Now that it’s clear that Mitch McConnell can deliver a floor vote for the next Supreme Court nominee, what’s the next step? First, Donald Trump will announce his pick on Saturday, as he announced on Twitter this morning:

Just in time for the Sunday shows, although those are usually booked solid by Saturday. After that comes the Senate Judiciary Committee review of the nominee — and of course the Gladiatorial Combat Arena better known as a confirmation hearing in the Senate. With the bitterness of the Brett Kavanaugh hearings still lingering in the air, it seems not just likely but entirely certain that Democrats and progressives will use that platform to launch personal attacks against the nominee in an effort to derail the confirmation.

That game has already begun, albeit very badly, at Newsweek. They targeted top prospect Amy Coney Barrett for a hit piece, only to have it blow up in their faces:

Note the headline in the tweet from yesterday. It has since changed to a more ambiguous version: “How Charismatic Catholic Groups Like Amy Coney Barrett’s People of Praise Inspired ‘The Handmaid’s Tale’.” Why? As it turns out, Barrett and People of Praise had nothing to do with the inspiration for the book:

Correction: This article’s headline originally stated that People of Praise inspired ‘The Handmaid’s Tale’. The book’s author, Margaret Atwood, has never specifically mentioned the group as being the inspiration for her work. A New Yorker profile of the author from 2017 mentions a newspaper clipping as part of her research for the book of a different charismatic Catholic group, People of Hope. Newsweek regrets the error.

They “regret the error,” but haven’t retracted the story. Nor will they in the current media climate, where narrative matters more than fact. Barrett may or may not be the nominee, but whoever gets the pick had better get ready for massive character-assassination campaigns for the next several weeks, culminating in the high-profile shredding session that will take place in the televised confirmation hearings.

That’s why Rush Limbaugh offered McConnell some advice yesterday, which Trump himself retweeted this morning:

Conservative radio host Rush Limbaugh urged Senate Republicans to skip the confirmation hearing process for President Trump’s soon-to-be announced Supreme Court nominee and head straight to a floor vote.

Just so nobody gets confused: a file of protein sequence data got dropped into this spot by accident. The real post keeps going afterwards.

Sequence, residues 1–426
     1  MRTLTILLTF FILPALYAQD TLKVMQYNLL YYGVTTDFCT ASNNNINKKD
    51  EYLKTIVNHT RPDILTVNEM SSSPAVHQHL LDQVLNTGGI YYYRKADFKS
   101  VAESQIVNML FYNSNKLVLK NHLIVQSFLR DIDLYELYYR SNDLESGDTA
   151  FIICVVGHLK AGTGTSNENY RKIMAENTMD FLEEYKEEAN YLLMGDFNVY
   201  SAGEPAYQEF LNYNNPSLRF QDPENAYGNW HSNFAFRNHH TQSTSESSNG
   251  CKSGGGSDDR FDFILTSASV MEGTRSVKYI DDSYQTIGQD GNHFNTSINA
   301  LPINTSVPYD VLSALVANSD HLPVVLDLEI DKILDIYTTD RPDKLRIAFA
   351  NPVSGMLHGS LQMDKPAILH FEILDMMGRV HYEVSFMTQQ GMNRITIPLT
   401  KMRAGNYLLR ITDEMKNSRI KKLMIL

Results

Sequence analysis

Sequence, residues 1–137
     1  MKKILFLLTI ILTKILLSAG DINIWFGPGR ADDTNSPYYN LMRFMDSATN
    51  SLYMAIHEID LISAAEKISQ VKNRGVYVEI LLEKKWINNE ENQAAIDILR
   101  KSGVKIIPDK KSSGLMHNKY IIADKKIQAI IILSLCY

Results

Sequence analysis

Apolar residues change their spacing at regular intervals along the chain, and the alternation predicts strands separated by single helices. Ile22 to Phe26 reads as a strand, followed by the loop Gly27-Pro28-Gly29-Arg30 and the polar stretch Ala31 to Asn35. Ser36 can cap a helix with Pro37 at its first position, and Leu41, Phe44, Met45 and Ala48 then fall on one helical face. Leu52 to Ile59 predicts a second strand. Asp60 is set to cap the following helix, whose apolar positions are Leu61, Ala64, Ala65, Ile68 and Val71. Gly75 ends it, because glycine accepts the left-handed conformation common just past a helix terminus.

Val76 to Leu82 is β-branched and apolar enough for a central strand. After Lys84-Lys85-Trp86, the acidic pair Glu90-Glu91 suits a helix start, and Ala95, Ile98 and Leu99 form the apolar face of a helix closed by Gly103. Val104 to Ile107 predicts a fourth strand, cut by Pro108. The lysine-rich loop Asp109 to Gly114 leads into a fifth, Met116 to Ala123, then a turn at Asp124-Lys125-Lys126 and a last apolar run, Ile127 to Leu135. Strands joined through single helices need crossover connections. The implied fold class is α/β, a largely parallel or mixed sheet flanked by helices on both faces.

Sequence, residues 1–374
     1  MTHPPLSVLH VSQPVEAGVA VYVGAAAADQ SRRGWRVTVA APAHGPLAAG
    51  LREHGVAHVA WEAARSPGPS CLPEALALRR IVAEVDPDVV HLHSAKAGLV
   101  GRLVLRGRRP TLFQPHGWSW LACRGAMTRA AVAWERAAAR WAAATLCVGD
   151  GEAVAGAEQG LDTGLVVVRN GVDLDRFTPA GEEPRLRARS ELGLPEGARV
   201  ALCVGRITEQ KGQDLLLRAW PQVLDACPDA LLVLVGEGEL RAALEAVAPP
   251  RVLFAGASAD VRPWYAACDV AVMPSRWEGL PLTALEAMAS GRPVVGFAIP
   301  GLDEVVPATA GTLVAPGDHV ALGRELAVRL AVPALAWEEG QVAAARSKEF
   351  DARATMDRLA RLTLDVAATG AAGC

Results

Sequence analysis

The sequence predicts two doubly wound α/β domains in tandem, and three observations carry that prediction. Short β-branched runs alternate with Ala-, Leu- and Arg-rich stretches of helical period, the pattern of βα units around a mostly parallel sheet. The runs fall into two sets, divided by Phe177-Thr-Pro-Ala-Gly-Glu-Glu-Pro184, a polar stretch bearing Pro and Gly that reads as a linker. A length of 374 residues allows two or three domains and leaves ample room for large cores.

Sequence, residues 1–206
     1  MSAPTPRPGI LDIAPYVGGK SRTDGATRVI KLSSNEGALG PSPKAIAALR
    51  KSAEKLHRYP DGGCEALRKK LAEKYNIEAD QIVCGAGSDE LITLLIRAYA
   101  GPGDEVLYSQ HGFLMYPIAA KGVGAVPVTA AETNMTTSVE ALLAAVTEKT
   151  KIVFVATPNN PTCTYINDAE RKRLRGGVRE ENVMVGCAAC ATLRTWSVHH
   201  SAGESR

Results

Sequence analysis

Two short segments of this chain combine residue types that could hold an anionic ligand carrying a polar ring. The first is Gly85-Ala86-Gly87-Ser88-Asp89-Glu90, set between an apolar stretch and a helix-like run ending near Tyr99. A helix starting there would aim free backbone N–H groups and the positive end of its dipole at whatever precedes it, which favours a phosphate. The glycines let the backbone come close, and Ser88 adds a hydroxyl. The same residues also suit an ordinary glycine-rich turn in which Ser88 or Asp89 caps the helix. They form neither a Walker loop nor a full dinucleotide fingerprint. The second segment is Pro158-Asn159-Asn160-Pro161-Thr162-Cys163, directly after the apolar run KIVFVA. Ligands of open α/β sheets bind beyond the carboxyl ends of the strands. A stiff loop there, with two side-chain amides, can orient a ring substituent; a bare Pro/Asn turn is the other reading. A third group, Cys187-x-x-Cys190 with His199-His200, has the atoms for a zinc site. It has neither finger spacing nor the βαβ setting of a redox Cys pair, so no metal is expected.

“I want the Judiciary Committee — that could be great if it were skipped,” Limbaugh said Monday on his daily radio program. “We don’t need to open that up for whatever length of time, so that whoever this nominee is can be Kavanaugh’d, or Borked, or Thomas’d. Because that’s what it’s going to be, especially when it’s not even required.” …

Limbaugh was referring to Supreme Court Justices Brett Kavanaugh and Clarence Thomas, who were confirmed in controversial hearings, and fellow conservative Robert Bork, who was not confirmed to the court.

Limbaugh also added in another segment that the Senate does not have an obligation to hold a hearing:

Quote, “A president for as long as he or she is president has the power to nominate a person to fill a Supreme Court seat. And that nominee” — I’m quoting McCarthy here, not the Constitution — “that nominee can fill the seat only with the advice and the consent of the Senate.” And that’s it. Everything else is political posturing. Everything else is politics. There’s only two rules. President gets to nominate, Senate gets to advise and consent. And that can be something as simple as a vote.

You do not have to have the Judiciary Committee conduct hearings. That’s only a tradition that evolved, and it’s something that’s taken place, but it is not required. It’s not mandated. It really isn’t, folks. The Senate does not get to pick their own nominee, which is what Chuck Schumer and the rest of the Democrats want you to think. They want you to think the president doesn’t have any idea what he’s doing, he doesn’t get a choice in the matter, only the Democrats get to choose, and they don’t. All the rest of this is nothing more than political posturing.

The Judiciary Committee confirmation hearings are nothing but political posturing, even when without the character assassination. No member of the panel goes into those hearings any more on appellate confirmations without their votes already decided. Their questions aren’t designed to elicit any useful information in regard to political philosophy, and since the Robert Bork hearings, nominees have been smart enough to avoid saying much about that anyway. They are combat arenas, with nominees sometimes ending up caught in the crossfire between the partisans but more recently being the primary targets. The Kavanaugh hearings were an utter disgrace in that regard.

In this instance, the first impulse would be to keep the process as normal as possible, however. That would give political cover to the more vulnerable (or less committed) members of the Senate Republican caucus, especially those who are throwing in now on the basis of normalcy. On the other hand, one has to wonder just how many Senate Republicans on the committee really want to provide Democrats with another opportunity for nationally televised character assassination. McConnell might do some of those a favor by getting Lindsey Graham to push for an immediate vote without a hearing.

At the very least, it would be one less circus in a year with more clowns than usual. But one does also have to wonder whether it might benefit Republicans to allow Democrats to get shown on television going full nutter just days before an election. That might be valuable in itself.